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Regulatory Policy and Markets for Energy Storage in North America

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1 Author(s)
Kintner-Meyer, M. ; Pacific Northwest Nat. Lab., Richland, WA, USA

The last five years have been one of the most exciting times for the energy storage industry. We have seen significant advancements in the regulatory process to make accommodations for valuing and monetizing energy storage for what it provides to the grid. The most impactful regulatory decision for the energy storage industry has come from California, where the California Public Utilities Commission issued a decision that mandates procurement requirements of 1.325 GW for energy storage to three investor-owned utilities in four stages in 2014, 2016, 2018, and 2020. Furthermore, at the federal level, the U.S. Federal Energy Regulatory Commission's (FERC's) Order 755 requires transmission operators to develop pay-for-performance tariffs for ancillary services. This has had a direct impact on the market design of U.S. competitive wholesale markets and the monetization of fast-responding grid assets. While this order is technology neutral, it clearly plays into the fast-responding capability of energy storage technologies. Today, PJM, CAISO, MISO, NYISO, and NE-ISO have implemented Order 755 and offer new tariff-for-regulation services based on pay-for-performance principles. Furthermore, FERC Order 784, which was issued in July 2013, requires transmission providers to consider speed and accuracy in determining the requirements for ancillary services. In November 2013, FERC issued Order 972, which revises the small generator interconnection agreement that declares energy storage as a power source. This order puts energy storage on par with existing generators. This paper will discuss the implementation of FERC's pay-for-performance regulation order at all independent service operators (ISOs) in the United States under FERC regulatory authority (this excludes ERCOT). Also discussed will be the market impacts and overall impacts on the NERC regulation performance indexes. The paper ends with a discussion on the California, New York, and Ontario, Canada, procurement man- ates and the opportunity tancillary services. This has had a direct impact on the market design of U.S. competitive wholesale marketshat it may present to the energy storage industry.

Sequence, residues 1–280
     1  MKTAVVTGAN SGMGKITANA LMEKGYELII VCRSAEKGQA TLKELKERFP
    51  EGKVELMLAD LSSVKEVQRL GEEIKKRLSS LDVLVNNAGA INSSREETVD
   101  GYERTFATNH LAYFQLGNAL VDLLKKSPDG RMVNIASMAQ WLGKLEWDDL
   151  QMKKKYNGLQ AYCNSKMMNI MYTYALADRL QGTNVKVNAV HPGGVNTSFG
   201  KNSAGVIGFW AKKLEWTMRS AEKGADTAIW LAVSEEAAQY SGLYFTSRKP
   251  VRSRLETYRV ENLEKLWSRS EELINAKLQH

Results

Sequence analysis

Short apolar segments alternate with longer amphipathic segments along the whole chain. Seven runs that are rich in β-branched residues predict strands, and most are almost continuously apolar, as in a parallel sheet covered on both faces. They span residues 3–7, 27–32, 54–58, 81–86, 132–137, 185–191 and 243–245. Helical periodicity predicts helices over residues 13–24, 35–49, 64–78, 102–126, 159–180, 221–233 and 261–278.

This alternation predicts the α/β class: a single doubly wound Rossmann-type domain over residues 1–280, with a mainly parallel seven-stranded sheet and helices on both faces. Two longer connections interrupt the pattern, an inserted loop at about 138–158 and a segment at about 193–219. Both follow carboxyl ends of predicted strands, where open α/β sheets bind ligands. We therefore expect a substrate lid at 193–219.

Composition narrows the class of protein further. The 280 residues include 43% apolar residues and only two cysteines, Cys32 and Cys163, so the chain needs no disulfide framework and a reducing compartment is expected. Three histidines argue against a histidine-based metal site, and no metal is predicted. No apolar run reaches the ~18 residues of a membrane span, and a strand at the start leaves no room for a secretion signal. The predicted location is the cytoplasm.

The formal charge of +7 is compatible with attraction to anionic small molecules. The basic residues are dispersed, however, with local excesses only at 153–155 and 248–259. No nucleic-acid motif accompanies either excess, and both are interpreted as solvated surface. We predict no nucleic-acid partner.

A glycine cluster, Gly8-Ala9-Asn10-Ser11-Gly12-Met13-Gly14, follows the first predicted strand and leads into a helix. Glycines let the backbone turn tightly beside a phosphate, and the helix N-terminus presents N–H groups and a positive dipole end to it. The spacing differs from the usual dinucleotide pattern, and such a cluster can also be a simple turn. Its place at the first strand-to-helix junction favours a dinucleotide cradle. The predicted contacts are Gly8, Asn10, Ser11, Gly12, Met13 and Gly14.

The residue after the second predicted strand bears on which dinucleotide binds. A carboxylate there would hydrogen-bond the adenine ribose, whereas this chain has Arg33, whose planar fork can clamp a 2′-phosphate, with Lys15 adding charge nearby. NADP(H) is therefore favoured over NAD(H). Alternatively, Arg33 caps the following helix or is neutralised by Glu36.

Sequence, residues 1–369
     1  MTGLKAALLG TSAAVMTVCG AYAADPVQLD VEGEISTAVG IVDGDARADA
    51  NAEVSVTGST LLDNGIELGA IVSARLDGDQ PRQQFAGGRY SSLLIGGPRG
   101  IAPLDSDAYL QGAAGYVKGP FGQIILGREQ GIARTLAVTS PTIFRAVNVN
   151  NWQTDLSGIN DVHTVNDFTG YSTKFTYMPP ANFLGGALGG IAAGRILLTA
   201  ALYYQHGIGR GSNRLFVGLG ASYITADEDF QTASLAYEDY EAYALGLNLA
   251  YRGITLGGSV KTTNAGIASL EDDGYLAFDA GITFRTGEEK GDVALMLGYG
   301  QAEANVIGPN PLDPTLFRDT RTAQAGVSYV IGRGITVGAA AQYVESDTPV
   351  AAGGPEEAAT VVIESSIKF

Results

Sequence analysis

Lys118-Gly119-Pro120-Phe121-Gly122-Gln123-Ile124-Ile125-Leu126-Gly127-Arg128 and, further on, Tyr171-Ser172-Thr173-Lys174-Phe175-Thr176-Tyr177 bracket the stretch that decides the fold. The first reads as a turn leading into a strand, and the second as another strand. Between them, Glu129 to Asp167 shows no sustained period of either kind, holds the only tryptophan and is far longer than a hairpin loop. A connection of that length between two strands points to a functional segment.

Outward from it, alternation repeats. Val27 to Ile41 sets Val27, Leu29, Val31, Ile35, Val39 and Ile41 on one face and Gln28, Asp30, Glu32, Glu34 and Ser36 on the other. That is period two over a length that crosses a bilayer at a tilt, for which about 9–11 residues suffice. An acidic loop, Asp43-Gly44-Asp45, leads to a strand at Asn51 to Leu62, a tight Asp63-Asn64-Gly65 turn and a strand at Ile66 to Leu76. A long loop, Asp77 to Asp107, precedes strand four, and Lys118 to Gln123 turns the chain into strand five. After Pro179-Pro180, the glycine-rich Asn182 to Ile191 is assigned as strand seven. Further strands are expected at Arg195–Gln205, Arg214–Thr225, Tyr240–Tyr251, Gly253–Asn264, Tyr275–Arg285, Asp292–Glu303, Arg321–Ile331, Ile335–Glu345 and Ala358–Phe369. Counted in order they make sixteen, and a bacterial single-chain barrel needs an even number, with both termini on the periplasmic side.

Published in:

Proceedings of the IEEE  (Volume:102 ,  Issue: 7 )